Bi-Directional Links Between Population Growth and the Environment: Evidence From India

This paper presents an empirical study of population growth and environmental change using cross-sectional district-level data from South, Central and West India. Environmental change is measured using a satellite-based "greenness" index. Unlike prior work, the analysis treats population and environmental change as jointly determined, distinguishes between rural and urban populations, and identifies distinct roles of fertility and migration. Among key findings are that population and "greenness" are jointly endogenous; increased rural fertility leads to environmental decline, which in turn prompts increased fertility; environmental scarcity spurs out-migration and environmental improvement; and increased urban fertility may lead to increased environmental quality, which in turn may spur increased fertility.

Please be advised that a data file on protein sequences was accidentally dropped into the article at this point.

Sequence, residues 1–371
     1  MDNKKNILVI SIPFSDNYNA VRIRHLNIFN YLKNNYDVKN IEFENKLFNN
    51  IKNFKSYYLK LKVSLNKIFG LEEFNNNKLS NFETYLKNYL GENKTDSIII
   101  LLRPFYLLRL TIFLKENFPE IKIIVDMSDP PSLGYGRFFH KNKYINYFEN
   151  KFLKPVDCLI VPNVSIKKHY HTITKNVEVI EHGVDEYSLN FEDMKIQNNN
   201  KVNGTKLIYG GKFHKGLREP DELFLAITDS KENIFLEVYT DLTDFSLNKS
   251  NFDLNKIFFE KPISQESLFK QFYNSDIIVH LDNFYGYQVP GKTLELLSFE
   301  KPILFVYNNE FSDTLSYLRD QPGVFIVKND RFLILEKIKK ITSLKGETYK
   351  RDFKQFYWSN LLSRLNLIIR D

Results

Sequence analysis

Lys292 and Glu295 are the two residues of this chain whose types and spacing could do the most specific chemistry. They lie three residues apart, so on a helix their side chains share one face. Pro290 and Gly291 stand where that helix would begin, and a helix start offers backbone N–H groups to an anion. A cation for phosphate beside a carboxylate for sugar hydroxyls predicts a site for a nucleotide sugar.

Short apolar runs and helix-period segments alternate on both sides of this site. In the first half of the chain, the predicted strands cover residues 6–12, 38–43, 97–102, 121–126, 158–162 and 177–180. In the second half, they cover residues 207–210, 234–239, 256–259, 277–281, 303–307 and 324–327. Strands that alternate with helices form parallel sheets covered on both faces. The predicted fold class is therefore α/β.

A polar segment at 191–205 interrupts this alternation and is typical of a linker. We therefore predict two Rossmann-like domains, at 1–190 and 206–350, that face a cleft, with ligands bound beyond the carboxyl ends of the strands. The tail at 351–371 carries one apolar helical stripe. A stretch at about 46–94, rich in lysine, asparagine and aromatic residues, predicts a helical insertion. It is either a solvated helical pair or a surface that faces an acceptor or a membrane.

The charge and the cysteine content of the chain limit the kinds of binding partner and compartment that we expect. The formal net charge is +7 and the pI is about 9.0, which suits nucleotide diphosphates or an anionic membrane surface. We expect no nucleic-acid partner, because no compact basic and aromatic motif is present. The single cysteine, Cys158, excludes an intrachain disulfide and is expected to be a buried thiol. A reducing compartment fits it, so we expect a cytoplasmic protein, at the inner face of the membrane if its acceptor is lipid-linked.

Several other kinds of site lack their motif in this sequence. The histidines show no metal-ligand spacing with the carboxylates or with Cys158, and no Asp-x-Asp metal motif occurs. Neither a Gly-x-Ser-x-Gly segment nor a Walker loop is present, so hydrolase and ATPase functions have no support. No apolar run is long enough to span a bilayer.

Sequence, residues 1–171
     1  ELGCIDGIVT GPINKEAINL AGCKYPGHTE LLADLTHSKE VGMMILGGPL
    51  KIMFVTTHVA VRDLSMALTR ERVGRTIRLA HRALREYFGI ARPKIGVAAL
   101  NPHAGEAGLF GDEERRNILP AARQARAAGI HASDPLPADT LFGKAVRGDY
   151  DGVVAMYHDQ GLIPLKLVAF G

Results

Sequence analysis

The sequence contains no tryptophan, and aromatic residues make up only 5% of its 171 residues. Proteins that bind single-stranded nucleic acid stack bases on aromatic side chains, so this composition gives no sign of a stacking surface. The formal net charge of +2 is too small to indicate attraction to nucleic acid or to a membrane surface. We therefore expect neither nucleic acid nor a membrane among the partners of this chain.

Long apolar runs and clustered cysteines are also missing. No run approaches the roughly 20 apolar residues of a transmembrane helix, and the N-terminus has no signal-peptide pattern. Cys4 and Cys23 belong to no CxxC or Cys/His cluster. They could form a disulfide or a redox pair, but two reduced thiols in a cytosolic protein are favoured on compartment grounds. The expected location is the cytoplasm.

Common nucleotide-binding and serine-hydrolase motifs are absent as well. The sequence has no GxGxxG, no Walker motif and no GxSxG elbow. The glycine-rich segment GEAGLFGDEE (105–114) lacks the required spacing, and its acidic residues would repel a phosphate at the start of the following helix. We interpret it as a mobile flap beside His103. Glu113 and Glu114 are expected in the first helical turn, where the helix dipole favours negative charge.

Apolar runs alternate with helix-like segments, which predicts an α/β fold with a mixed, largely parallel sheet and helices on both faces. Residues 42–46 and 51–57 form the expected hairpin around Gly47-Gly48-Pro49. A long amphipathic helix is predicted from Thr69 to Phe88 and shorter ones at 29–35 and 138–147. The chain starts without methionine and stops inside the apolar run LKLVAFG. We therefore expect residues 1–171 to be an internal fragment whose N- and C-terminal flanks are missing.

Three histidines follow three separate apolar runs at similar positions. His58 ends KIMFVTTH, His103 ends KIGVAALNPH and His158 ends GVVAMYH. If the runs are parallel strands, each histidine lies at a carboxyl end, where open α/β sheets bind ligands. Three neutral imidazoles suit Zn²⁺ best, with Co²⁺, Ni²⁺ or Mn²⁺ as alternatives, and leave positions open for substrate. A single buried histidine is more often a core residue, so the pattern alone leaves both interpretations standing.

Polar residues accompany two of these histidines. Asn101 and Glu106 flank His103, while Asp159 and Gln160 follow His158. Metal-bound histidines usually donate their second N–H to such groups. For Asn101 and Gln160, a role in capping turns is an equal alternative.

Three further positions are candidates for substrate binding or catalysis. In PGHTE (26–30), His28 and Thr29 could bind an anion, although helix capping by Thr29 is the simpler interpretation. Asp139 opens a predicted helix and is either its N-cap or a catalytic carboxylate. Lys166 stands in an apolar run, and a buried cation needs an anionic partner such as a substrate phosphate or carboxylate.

Haimanti Bhattacharya and Robert Innes

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